Thoughtful Thursday: Celebrating Stasis

It has been a long time since I’ve written a Thoughtful Thursday post and quite a while since I’ve blogged about Anna. The thing is… she’s doing well right now. I say that with a whisper in my voice and hesitation in my heart because with her, things change rapidly and dramatically. It’s easy to blog when things are rough but finding that appreciation for stasis and celebrating it should be just as important.

The school year started off really badly. Six weeks of misery for her and the staff at school. Countless specialist appointments, endless meetings, daily reports. Changing her placement from inclusion to life skills has made an immense difference. She is participating in class, she has befriended Caroline (Anna reads her stories and gets to push her wheelchair to the bus at the end of the day), she has not been back to Room 300 (the in-school suspension room), and she is happy to be at school. Her body has finally recovered from its premature thrust into puberty last year; changing from Risperdal to Abilify is what turned that around. She hasn’t had a seizure in 17 months, a new record. She is on a good cocktail of meds now too. For the first time in ages, she is stable. Stable. Most parents have no idea what a blessing this is. It’s easy to take for granted having a happy kid, one who is generally healthy and well-behaved. It’s agony to watch your child endure psychiatric issues, health concerns, academic problems, and social missteps. Feeling helpless is the worst feeling… as a mom, your instinct is to do anything and everything to have your child be happy.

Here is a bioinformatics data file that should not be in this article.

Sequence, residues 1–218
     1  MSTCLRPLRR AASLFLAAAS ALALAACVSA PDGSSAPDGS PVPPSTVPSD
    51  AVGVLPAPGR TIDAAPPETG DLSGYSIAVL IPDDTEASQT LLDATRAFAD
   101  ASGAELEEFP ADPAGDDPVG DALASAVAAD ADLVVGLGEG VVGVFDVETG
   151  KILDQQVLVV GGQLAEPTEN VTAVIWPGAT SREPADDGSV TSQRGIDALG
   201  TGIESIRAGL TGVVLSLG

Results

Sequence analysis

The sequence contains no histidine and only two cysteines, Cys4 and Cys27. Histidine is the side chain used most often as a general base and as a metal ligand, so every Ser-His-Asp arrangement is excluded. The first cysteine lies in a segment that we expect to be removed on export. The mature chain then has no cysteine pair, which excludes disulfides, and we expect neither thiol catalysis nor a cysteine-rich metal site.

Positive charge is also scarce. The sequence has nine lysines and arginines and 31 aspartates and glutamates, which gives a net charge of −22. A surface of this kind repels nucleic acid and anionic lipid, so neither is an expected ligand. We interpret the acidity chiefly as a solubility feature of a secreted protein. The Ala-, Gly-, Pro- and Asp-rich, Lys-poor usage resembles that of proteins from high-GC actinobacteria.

stasis |ˈstāsis|
noun formal or technical
a period or state of inactivity or equilibrium.

We’re into at least a month of Anna achieving a sort of statis… emotionally, psychologically, medically. Dare I say, there have been moments of feeling normal, even typical, in our family of late. Stability is the core of helping Anna navigate the world. When things are predictable and when she feels safe, she starts to blossom. So even though it seems like Groundhog Day here most of the time, it works. And for that, I’m eternally grateful. So, I want to challenge each of you to think about your life right now. If you are in a zone of stasis, become aware of it. Put some of the memories of this time in a bubble… write about it, take photos, record it in some way. Because the thing about stasis is that is doesn’t last. Things change in a heartbeat, regardless if you have a child with special needs or not.

My nephew’s father passed away last weekend. He was 39 and suffered a stroke. Curtis went to Ohio this week to be with his sister and our nephew and it’s been a profound experience. Our nephew is only 12. Can you imagine having to tell your child that their father has died? Curtis has been helping the family… they’ve been at his house (SIL is divorced from him) gathering mementos for our nephew and cleaning things out. I got this text from Curtis yesterday morning:

“We are cleaning out his house right now and it is so striking. A life unfinished. Everywhere I look is something half done. It makes me a little ashamed for my procrastination and what people would say of me if I were suddenly gone. Umph, so heavy.”

So if you have stasis in your life at the moment, celebrate it. Celebrate the routine, the mundane, the boring. Make today a thoughtful day in your life.

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